What is a Caregiver/Foster Parent?
Caregivers provide a safe and secure home for children who, for one reason or another, cannot live with thier families. Caregiver families receive financial support to assist in the provision of quality care to children and youth. The goal of caregiving is for children to return home when thier parents are able to care for them.
Why do we need ABORIGINAL Caregivers?
There are many Aboriginal children in care. They are not only separated from their families, but many times are also separated from their community. In ideal situations, we would like to place them in Aboriginal homes, preferably people from the same nation or family members. Keeping the children in a familiar environment often makes their transition easier.
Who can provide care for Aboriginal children?
To become a caregiver you must be over the age of 19 and have the maturity to provide care and quidance to children and youth. Single people, couples, and families – with or without children can become caregivers. Your financial situation should not prevent you from applying. You do not need to own home, but you should have additional rooms availale to respect the privacy of the children and youth that will be staying with you.
Can I choose who I provide care to?
Yes. When you apply to become a caregiver you can specify age, special needs and gender preference. We will ask you about your skills and will also take great care in making sure the child is suitable for your family. If a child comes into your home who makes you or your family feel uncomfortable, or surpasses your skill level, notify your social worker. They will make alternative arrangements.
TO BECOME A CAREGIVER
STEP ONE: You can speak to either a social worker or a resource worker – and ask questions. If you feel this is right for you, you can start the application process.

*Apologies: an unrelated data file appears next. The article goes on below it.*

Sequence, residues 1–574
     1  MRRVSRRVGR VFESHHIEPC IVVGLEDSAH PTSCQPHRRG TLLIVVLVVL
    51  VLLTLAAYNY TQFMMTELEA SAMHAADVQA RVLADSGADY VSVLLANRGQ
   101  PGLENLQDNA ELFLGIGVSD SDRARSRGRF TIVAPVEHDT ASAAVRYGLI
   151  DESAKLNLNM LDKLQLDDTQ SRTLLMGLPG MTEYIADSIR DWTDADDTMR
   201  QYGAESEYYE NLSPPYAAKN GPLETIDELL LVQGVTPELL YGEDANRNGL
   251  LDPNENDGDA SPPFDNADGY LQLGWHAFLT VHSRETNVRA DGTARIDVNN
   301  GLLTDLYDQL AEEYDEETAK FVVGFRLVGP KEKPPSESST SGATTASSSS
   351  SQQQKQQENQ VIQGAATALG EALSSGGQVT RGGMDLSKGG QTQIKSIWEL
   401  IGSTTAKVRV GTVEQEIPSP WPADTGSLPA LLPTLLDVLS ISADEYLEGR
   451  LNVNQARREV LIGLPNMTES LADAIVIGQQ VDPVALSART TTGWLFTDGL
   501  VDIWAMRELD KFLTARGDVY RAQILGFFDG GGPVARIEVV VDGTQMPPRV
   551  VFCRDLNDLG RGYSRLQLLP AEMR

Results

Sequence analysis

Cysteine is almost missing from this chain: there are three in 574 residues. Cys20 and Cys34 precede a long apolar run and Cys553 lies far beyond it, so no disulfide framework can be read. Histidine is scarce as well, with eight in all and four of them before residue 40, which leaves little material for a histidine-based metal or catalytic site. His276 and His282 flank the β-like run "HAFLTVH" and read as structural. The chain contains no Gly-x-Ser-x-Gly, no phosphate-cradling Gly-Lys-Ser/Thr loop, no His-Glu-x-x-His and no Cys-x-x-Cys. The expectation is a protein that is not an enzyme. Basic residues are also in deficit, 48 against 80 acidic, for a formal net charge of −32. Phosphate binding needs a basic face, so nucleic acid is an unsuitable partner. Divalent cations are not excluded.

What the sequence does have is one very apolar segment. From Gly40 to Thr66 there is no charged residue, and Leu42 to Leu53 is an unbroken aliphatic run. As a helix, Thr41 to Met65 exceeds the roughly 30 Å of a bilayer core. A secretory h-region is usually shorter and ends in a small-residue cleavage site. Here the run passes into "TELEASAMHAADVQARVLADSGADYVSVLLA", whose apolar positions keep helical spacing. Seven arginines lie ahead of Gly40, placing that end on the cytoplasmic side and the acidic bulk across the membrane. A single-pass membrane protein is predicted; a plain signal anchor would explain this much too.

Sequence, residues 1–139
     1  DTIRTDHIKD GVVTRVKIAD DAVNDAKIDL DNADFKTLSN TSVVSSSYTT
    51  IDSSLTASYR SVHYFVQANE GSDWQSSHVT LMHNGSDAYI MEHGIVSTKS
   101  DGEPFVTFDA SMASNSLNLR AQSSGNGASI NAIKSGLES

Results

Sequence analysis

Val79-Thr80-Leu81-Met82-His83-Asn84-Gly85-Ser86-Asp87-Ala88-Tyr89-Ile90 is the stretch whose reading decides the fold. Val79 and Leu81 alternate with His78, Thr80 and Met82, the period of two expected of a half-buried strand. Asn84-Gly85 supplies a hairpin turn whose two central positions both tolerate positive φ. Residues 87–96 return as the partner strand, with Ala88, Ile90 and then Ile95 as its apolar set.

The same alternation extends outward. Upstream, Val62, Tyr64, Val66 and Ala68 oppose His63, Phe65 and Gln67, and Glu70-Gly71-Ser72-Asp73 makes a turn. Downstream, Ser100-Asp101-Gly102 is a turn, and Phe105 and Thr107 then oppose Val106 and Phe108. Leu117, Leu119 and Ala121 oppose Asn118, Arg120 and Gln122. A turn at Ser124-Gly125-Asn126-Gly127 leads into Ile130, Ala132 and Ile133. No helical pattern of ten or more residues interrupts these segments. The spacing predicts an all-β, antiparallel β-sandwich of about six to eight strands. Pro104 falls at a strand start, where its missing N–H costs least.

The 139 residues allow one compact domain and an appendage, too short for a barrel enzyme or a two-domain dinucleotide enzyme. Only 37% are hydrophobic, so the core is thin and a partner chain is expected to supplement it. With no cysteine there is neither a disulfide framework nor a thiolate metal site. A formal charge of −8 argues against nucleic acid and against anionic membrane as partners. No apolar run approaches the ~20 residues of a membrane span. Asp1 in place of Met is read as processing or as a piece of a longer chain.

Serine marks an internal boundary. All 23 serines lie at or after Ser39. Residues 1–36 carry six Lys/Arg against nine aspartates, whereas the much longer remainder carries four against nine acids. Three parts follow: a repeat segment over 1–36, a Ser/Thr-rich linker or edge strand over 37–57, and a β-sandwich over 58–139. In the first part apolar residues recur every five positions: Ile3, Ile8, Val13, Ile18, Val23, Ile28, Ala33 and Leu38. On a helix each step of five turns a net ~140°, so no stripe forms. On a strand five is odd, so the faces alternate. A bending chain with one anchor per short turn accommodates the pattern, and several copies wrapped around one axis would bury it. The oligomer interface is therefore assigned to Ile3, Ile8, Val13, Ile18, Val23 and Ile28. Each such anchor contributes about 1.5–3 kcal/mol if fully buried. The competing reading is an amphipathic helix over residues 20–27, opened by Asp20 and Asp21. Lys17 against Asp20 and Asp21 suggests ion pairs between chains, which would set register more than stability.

Application Form – this form will include a criminal records check that looks at ensuring a safe home for children.
Please note: if you have a prior criminal record, do not be discouraged from applying to become a caregiver. This can be discussed and decided on a individual basis.
Medical Assessment – You will need a medical assessment to completed by your doctor to verify that you are healthy.
Reference: You will be asked to provide three references one of whom is a relative. Forms will be provided for the references.
STEP TWO: Caregiving Orientation Course – Caregivers training will be provided to help prepare you for the challenges of caregiving.
STEP THREE: Home Study – Your Resource or Social Worker will visit you in your home to discuss your personal history, family interests, lifestyle, child care experiene and the type of child you feel can best be helped in your home.
STEP FOUR: Family Care Home Agreement – Once the approval process is complete, you will be asked to sign an agreement that outlines your obligations and those of the Agency. The length of time you wait for a child depends on the age and type of the child you want to provide care to and the needs of the community.
Caregiving is a temporary arrangment. Our goal is to return the child to their family when the necessary physical, mental, social and spirtitual supports have been established.
Printable forms for Prospective Caregivers
Foster Caregiver Application
To become a caregiver, ask to speak to a resource worker at 250-314-9669
(Main Office: 300 Chilcotin Road)